You may recall that a while ago, I posted a story about a man who was being pestered with letters...from his very dead wife. Curiously enough, this wasn't the only marital correspondence from beyond the grave that I've found. Here is a story from the "The True Northerner," October 1, 1885:
This may be said, if all the advices that have been floating of late in regard to people who were supposed to be dead, and are alive again. A telegram from Toledo relates the story of a farmer in Montclara , Ohio, who died and was buried thirteen years ago, but is still writing to his family. The Sunday Capital prints a story quite as remarkable, as follows:As is too often the case with the particularly weird newspaper reports, I've been unable to find how, or if, this mystery was ever resolved.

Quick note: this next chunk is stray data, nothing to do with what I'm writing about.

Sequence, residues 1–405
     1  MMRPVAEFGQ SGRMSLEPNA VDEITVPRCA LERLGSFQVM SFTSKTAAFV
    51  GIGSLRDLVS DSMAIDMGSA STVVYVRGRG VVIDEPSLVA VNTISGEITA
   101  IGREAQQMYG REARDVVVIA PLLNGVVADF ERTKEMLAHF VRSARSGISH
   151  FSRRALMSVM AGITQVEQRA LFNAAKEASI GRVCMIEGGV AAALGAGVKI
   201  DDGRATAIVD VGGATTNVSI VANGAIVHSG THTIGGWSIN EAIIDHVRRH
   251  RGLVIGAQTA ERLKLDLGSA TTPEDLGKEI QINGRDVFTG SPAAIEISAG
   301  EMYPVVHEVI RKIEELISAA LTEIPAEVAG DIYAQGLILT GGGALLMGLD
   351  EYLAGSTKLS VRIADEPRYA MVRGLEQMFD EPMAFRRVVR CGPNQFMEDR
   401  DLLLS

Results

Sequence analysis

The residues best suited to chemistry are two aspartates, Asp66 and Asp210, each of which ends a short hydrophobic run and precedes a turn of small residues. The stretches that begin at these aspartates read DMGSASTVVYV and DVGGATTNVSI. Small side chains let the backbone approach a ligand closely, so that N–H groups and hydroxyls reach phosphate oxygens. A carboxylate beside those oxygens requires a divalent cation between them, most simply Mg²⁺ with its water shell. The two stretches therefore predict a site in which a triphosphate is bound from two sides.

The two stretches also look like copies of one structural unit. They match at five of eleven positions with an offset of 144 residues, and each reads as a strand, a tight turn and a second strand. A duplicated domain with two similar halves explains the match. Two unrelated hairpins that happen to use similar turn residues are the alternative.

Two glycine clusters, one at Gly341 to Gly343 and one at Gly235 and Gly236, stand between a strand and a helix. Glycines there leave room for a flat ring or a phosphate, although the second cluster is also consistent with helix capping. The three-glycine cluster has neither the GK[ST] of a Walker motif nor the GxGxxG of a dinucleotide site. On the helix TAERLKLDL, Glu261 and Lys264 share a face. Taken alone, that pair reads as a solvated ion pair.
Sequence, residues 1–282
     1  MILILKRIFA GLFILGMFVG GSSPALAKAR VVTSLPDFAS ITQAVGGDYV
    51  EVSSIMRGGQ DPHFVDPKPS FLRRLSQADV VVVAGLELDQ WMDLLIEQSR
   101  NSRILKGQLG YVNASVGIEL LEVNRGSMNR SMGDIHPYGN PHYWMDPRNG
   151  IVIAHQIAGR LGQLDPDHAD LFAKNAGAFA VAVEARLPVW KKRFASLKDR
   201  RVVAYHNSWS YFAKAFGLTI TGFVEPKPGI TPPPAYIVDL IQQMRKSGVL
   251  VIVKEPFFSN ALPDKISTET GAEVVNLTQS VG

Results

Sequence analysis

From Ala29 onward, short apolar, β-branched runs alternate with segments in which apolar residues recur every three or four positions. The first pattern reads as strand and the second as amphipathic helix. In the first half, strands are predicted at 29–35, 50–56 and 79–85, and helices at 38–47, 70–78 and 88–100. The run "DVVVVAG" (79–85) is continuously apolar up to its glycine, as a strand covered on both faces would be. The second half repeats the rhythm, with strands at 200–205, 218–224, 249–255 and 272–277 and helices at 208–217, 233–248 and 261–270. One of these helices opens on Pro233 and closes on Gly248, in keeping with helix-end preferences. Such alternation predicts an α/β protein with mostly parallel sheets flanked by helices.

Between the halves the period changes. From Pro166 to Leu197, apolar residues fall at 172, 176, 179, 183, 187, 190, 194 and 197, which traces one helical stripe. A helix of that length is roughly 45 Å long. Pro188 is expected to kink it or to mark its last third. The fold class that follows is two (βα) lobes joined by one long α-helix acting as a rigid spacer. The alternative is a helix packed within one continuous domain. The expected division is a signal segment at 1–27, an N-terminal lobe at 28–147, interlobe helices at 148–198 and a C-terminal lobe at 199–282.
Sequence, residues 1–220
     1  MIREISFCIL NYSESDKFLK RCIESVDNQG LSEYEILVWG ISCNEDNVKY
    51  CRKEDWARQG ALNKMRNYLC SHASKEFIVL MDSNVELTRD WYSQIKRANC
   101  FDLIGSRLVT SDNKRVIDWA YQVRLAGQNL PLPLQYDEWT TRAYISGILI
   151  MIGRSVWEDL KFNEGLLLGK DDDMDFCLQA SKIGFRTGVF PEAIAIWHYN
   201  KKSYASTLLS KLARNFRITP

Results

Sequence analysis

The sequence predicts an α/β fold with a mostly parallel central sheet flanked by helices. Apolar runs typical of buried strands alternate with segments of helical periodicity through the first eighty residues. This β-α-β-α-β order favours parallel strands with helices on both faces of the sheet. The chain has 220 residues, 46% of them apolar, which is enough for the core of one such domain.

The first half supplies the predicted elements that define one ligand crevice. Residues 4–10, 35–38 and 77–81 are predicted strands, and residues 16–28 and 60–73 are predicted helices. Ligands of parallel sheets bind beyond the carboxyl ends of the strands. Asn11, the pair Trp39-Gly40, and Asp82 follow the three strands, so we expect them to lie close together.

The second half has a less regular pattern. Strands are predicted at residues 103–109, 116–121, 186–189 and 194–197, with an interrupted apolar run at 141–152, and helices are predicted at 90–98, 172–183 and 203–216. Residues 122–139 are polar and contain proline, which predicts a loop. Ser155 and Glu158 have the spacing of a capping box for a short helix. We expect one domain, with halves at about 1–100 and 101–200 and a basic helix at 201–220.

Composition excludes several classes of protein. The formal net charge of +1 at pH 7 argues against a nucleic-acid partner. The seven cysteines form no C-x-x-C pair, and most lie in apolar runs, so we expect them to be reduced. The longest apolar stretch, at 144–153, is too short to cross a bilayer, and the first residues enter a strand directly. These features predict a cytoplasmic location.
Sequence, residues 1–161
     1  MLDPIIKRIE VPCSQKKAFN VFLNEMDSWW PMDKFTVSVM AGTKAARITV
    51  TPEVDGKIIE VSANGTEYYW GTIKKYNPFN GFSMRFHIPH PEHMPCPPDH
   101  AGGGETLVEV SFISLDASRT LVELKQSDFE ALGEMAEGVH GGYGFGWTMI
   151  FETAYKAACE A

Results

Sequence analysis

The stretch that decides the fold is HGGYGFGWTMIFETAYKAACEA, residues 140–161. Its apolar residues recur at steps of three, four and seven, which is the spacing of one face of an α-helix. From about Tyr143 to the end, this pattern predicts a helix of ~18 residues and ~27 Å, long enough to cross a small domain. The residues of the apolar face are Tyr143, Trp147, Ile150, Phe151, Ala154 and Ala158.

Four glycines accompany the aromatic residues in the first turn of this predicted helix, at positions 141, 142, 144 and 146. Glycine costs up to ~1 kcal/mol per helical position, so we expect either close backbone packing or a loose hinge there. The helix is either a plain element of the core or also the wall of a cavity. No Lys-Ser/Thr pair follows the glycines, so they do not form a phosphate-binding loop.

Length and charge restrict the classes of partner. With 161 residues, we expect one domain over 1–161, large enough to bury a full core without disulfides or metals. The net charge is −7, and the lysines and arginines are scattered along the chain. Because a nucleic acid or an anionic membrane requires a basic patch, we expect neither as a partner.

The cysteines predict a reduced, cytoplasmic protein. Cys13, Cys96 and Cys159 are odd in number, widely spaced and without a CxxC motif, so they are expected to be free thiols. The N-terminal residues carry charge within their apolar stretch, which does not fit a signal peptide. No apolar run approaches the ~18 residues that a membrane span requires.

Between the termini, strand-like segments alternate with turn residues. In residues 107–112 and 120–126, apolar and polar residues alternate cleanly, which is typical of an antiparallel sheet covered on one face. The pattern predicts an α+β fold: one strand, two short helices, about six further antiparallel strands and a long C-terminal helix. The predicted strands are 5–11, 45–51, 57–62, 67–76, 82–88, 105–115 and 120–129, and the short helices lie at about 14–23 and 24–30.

“A very remarkable case has come to my attention through a friend in the pension office which furnishes incidents for a novel as powerful as any Dumas or Eugene Sue ever used. In 1864 a lieutenant from an Ohio village was killed in one of the battles in Virginia and his body was sent home, buried with military honors and a handsome monument erected over it by the citizens of the place. Thousands of people paid their tributes of honor to the young hero and looked upon his face as the body lay in the town hall. He left a widow to whom he had been married only a year, and for more than twenty years she has been trying to get a pension; but, although she keeps fresh flowers upon her husband’s grave, she cannot prove that he is dead. The records in the adjutant general’s office are perfect, and affidavits can be furnished from thousands of people who saw and recognized his lifeless body, but every few months she receives a letter from him written in a hand as familiar as her own. Two letters never come from the same place; now they are postmarked in Colorado, then in Texas, then in New York. Once she got a note from him dated at Washington. He appears to know what is going on at home, and always alludes to local occurrences with a familiarity that is amazing. He sends messages to old friends and gives her advice about business matters which it seems impossible for a stranger to know. She cannot answer these ghostly missives, because he never gives any clew to his whereabouts, and no detective has ever been able to find him. Her friends believe that the writer is some crank or malicious person who takes this way to annoy her, and the distress the poor woman suffers cannot be measured by any other human experience. Long ago she ceased to open envelopes which came with the familiar address, but sends them sealed to her attorney, who uses every possible means to secure a clew to the identity of the writer. The only circumstances to suggest that it may possibly be her husband are the penmanship and the familiarity the writer shows with the lady’s private life, but how he could keep himself posted is another mystery, which cannot be solved. Several times the writer has intimated that he might soon pay her a visit, but the next letter always contains an apology for not having done so. The woman has suffered agony of mind beyond description, and her life has been ruined by this horrible mystery, but of late she has become more resigned, and would neither be surprised or disappointed if her husband should someday walk into her door."